Nvidia, AMD Caught in the Middle of US-China Tech Battle

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The federal government added a new license requirement barring selling artificial intelligence chips to China and Russia to address potential national security concerns.

The United States barred Nvidia—the world’s largest chip maker—and AMD from selling artificial intelligence chips to China and Russia in an effort to slow their tech advances in this area over government concerns that these products may be used by China or Russia’s military. 

In a filing on Wednesday with the Securities and Exchange Commission, Nvidia stated the United States government “imposed a new license requirement, effective immediately, for any future export to China (including Hong Kong) and Russia for [Nvidia’s] A100 and new H100 integrated circuits.” 

These are high-performance AI chips for servers. The chips are graphic processors used for supercomputing or artificial intelligence that support advanced technology like image or speech recognition. The A100 has been used for three years and the H100 is its next-generation AI chip. 

The U.S. government stated the new requirement “will address the risk that the covered products may be used in, or diverted to, a ‘military end use’ or ‘military end user’ in China and Russia.” However, this will likely affect businesses and organizations using these products beyond military purposes.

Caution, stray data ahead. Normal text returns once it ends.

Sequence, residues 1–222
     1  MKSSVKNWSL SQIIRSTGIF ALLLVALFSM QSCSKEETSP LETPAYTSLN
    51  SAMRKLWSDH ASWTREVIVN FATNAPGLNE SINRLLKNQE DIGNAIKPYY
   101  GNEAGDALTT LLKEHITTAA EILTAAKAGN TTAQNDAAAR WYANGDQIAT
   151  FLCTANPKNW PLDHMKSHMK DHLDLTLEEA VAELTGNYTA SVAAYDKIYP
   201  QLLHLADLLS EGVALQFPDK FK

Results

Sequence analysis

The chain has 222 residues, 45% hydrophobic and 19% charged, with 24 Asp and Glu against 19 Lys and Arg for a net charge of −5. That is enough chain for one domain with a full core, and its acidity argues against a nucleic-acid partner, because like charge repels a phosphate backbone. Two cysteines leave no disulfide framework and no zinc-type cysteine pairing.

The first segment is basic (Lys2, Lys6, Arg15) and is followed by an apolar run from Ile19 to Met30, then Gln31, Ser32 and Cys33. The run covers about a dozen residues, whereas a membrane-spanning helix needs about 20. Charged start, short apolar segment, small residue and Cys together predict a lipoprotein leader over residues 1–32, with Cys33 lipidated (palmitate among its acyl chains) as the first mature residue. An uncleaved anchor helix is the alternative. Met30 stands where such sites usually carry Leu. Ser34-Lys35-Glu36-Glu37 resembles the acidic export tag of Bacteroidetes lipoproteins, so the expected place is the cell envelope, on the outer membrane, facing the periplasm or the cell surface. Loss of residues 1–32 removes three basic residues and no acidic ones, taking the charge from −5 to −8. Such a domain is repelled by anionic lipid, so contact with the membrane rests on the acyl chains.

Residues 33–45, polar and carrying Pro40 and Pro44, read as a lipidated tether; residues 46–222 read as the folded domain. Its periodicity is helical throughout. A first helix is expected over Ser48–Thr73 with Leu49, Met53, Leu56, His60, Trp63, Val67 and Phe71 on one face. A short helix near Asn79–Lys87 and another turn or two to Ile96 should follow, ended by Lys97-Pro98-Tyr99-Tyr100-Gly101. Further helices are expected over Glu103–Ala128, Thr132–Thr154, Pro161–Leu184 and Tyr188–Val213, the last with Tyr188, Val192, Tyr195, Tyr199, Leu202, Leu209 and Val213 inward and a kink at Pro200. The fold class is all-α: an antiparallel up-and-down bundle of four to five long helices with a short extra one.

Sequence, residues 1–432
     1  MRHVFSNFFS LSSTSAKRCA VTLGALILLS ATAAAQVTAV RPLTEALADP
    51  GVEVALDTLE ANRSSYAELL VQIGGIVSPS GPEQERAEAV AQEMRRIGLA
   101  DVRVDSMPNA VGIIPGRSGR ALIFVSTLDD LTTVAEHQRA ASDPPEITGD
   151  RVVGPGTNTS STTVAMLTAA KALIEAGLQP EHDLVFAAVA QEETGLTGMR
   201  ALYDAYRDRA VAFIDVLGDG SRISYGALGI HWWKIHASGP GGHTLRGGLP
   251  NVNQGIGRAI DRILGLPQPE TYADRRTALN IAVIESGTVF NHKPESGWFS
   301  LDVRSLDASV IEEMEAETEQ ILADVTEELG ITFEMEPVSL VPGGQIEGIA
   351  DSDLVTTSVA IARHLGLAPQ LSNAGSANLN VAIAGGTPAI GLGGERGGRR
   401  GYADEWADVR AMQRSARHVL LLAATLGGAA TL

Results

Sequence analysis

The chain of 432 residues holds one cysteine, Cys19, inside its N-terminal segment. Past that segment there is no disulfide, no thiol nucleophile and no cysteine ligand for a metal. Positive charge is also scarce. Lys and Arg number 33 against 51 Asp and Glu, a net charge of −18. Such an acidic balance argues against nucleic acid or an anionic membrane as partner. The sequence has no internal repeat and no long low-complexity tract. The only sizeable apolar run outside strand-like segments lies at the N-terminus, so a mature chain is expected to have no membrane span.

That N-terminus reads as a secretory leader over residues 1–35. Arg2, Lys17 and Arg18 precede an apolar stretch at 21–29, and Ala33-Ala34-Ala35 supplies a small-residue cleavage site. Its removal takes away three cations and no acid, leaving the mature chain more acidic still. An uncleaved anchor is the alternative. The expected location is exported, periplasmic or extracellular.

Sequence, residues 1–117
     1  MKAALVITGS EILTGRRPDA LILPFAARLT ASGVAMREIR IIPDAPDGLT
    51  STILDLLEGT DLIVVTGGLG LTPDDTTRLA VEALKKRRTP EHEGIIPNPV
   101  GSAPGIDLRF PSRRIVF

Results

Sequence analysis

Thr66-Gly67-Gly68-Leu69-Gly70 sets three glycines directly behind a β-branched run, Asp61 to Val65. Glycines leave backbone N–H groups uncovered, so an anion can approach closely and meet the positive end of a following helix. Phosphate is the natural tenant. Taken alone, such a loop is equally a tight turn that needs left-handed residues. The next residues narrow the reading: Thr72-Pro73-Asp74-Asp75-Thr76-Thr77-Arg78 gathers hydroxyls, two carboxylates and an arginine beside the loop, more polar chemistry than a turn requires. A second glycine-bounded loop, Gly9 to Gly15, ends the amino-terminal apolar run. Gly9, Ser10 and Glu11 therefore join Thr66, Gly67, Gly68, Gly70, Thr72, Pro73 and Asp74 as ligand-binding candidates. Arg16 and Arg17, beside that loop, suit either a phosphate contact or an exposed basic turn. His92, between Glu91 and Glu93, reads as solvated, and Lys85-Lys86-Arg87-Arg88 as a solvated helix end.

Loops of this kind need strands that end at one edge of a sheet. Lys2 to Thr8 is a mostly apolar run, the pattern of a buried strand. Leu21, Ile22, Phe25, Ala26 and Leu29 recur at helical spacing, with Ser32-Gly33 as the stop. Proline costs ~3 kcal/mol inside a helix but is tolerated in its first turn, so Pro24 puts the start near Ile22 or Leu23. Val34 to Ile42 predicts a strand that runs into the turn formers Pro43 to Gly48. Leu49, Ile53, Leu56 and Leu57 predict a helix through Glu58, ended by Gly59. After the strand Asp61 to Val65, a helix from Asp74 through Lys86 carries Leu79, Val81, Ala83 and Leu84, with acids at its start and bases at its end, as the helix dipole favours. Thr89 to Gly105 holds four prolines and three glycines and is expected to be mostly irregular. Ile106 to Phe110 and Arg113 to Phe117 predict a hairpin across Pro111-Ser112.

The restriction also applies to DGX and other systems that incorporate these chips. Furthermore, the new license requirement also includes “any future Nvidiaintegrated circuit achieving both peak performance and chip-to-chip I/O performance equal to or greater than thresholds that are roughly equivalent to the A100 as well as any system that includes those circuits” and a license is required to export technology to support or develop these affected products. 

Nvidia added that the restriction may affect its ability to complete the development of H100 in a timely fashion or to support current A100 customers. The H100 chip is expected to ship by the end of the year. It could also force the company to move operations out of China. 

Nvidia stated it had approximately $400 million in potential sales to China that may be impacted by the new requirement. However, the company noted that it does not sell products to customers in Russia.